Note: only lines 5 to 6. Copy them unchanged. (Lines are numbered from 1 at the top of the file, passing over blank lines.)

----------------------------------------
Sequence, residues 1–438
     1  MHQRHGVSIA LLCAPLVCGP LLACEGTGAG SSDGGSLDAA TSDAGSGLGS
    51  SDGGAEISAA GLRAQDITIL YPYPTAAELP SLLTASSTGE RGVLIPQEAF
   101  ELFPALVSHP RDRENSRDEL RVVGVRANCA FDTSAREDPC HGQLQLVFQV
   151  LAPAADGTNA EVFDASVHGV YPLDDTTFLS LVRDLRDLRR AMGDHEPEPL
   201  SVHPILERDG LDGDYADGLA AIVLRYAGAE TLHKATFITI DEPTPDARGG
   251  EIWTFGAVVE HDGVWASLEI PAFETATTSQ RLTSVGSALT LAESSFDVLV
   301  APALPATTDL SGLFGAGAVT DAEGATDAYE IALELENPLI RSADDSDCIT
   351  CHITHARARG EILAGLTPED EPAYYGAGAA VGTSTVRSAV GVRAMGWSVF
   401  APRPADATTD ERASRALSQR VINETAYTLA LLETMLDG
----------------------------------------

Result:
   151  LAPAADGTNA EVFDASVHGV YPLDDTTFLS LVRDLRDLRR AMGDHEPEPL
   201  SVHPILERDG LDGDYADGLA AIVLRYAGAE TLHKATFITI DEPTPDARGG